Cider & Bacon Braised Rabbit, Cook Once, Eat Twice (or more)

Mar 16, 2022

In her seminal book “The Way to Cook”, Julia Child writes that “while attitudes about food have changed, fortunately the principals of good cooking have not.  The more one knows about it, the less mystery there is, the faster cooking becomes, the easier it is to be creative…and the more pleasure one has in the kitchen.”

I agree.  Once you’re comfortable with a technique, or a method in which to cook something, the possibilities for imaginative and inspired cooking become limited only to your ingredients.  Plus, when you’ve learned a technique and the all-important steps to follow, it becomes part of your repertoire.  Then the real fun begins as you can start playing with variations.

Braising, the process of simmering meat in aromatics, vegetables and wine, (all while filling the kitchen with mouth-watering aromas), is the soul of good home cooking.  Whether it’s a beef stew, lamb shank, or pot roast, each is made in basically the same way.  The meat is first browned, and then simmered in a fragrant liquid.  Complete with a sauce, this meat can then be transformed into multiple meals.

The preparation for Cider and Bacon Braised Rabbit (or Chicken) utilizes the simple technique of simmering to cook the meat so that it can easily be removed from the bones.  Once the meat is removed from the carcass, the bones and skin are returned to the pot to make a luscious stock for sauce.

Jars of savory cooked meat and sauce in the refrigerator are a multitude of quick,

easy and delicious meals just waiting to happen.  I liken it to feasting on the remains of the Thanksgiving turkey and gravy.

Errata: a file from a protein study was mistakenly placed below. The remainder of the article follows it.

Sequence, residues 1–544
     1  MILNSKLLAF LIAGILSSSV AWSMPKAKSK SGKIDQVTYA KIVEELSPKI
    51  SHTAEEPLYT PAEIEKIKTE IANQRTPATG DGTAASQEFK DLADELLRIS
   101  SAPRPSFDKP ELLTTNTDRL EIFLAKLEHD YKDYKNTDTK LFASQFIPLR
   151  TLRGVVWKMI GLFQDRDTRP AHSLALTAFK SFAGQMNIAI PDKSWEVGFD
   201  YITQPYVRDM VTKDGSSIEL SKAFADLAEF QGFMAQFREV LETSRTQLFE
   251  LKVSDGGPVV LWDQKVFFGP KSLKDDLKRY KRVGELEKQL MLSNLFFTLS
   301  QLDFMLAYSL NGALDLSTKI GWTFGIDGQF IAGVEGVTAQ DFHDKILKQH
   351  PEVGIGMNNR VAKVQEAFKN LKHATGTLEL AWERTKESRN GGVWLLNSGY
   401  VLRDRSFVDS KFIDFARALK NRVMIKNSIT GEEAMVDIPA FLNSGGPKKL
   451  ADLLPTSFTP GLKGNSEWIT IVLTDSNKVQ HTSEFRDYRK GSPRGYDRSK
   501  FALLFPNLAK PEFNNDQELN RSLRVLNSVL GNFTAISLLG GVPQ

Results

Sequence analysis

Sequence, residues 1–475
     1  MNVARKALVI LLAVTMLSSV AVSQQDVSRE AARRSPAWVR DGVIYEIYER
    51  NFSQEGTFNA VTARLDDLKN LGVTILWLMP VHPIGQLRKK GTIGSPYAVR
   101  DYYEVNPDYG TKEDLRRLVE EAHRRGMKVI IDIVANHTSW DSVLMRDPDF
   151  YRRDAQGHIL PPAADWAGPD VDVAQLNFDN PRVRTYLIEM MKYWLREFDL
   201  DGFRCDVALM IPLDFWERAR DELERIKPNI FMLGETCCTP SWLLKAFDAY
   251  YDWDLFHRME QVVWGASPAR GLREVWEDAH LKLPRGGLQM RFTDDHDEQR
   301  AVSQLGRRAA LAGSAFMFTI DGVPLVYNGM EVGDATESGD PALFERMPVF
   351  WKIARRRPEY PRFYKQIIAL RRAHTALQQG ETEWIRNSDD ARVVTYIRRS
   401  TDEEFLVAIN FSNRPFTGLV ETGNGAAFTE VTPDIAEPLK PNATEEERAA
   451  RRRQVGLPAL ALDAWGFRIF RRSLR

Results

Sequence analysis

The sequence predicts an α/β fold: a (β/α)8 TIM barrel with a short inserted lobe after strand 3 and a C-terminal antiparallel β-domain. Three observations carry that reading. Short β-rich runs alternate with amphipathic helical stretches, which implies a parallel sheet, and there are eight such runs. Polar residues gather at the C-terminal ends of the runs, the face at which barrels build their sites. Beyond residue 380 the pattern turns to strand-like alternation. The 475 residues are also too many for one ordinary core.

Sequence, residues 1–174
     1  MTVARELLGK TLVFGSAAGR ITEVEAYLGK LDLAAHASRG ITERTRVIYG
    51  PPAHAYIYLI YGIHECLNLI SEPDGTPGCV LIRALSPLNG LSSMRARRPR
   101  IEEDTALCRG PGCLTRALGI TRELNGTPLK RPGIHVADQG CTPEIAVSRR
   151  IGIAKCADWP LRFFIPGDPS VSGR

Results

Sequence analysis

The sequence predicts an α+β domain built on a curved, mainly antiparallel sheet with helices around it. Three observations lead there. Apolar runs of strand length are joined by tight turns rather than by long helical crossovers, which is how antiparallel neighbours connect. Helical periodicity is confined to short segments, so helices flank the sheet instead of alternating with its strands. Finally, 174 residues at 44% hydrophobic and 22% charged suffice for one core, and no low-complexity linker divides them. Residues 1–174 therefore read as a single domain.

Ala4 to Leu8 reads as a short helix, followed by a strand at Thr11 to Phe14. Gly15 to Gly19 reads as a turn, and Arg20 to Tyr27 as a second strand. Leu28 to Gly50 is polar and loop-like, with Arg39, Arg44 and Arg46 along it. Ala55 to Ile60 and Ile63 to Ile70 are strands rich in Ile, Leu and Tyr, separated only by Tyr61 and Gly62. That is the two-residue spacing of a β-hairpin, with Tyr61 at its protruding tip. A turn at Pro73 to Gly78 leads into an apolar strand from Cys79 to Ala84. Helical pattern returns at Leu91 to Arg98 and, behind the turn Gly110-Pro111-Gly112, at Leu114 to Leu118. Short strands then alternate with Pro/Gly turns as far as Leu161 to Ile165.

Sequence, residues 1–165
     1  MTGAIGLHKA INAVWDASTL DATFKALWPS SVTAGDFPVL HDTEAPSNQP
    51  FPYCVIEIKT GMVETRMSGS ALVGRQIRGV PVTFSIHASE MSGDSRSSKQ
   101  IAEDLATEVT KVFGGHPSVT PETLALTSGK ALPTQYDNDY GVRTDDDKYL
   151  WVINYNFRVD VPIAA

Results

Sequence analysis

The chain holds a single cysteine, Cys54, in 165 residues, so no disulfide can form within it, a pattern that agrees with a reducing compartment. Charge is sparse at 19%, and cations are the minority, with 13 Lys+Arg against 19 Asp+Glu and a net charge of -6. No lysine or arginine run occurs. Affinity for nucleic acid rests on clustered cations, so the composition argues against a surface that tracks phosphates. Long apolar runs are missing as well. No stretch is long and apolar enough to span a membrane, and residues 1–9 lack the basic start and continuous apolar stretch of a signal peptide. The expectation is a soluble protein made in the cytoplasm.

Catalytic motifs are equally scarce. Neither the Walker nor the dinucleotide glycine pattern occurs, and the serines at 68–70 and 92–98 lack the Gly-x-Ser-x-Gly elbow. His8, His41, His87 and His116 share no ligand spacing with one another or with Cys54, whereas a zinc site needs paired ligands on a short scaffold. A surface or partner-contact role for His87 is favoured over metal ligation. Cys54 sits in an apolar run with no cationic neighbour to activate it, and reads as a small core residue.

Use your newfound skill to create hearty hot meat sandwiches, flaky pot pies, appetizing soups and inspired pasta and rice.  Congratulations! For today’s busy household, you have just unlocked the key to creating delicious, nourishing, home-cooked meals.  Cook once, eat twice…or more!


Cheryl Wixson
Create 5 different dishes with rabbit (or chicken) and the smoky, tangy gravy.


  • 2 rabbits about 5 – 6 pounds total, or 1 similar sized chicken, cut into pieces
  • 6 – 8 pieces bacon
  • 4 onions quartered
  • 3 – 4 cups cider
  • 1 cup stock chicken or rabbit or veggie stock
  • 3 bay leaves


To braise the rabbits:

  • Wash the rabbits and pat dry with paper towels. In a heavy pot large enough to accommodate the rabbits, cook the bacon and render the fat. Remove the bacon, reserving for later.
  • Add the onions to the bacon fat and cook until they soften. Add the rabbits and brown on all sides. Add the stock, and scrape the browned pieces off the bottom of the pot. Add about 1 cup of cider and the bay leaves and bring the mixture to a simmer. Cover the pot and cook until the meat is done and the internal temperature reaches 165 degrees.
  • Remove the carcass from the pot and allow to cool. When the carcass is cool enough to handle, pick off all the meat from the bones.

To prepare the gravy:

  • Add the bones and skin back to the pot. Add enough cider to cover the bones. Boil for about 1 hour or more to make a nice tasting stock.
  • While the stock is cooking, chop the rabbit into bite sized pieces, storing in the refrigerator until ready to use again.
  • Drain the stock, discarding the bones. Boil the remaining liquid until reduced by one-half. To thicken, in a small saucepan, melt 2 tablespoons butter and stir in 2 tablespoons flour. Add a small amount of stock to make a roux, then stir the roux into the hot stock, stirring constantly until you have nice smooth gravy. Season the gravy with sea salt and fresh pepper.

To make a pot pie:

  • Line a 9-inch pie plate with pastry crust. Add chopped meat to the pie
  • Cover with gravy.
  • Add a second pastry crust to the top. Bake at 400 degrees until the pie starts to bubble, about 50 minutes. Let set for 10 minutes before slicing.

To make a hot sandwich:

  • Add meat and gravy to a pot on top of the stove and heat until just starting to boil. Serve on buttered toast.

To make a Shepard’s pie:

  • Fill a casserole dish ½ full with meat and smother with gravy. Top with mashed potato. Add dots of butter to the top. Bake in 350 -degree oven until bubbly and the top is golden.

To make a pasta or rice dish:

  • Cook your favorite pasta or rice. Heat the gravy and meat and serve over pasta or rice. Garnish the top with chopped parsley and grated cheese.

To make a soup:

  • Add gravy and meat to the soup pot. Add choice of chopped veggies and enough water to cook. Simmer until the veggies are done.

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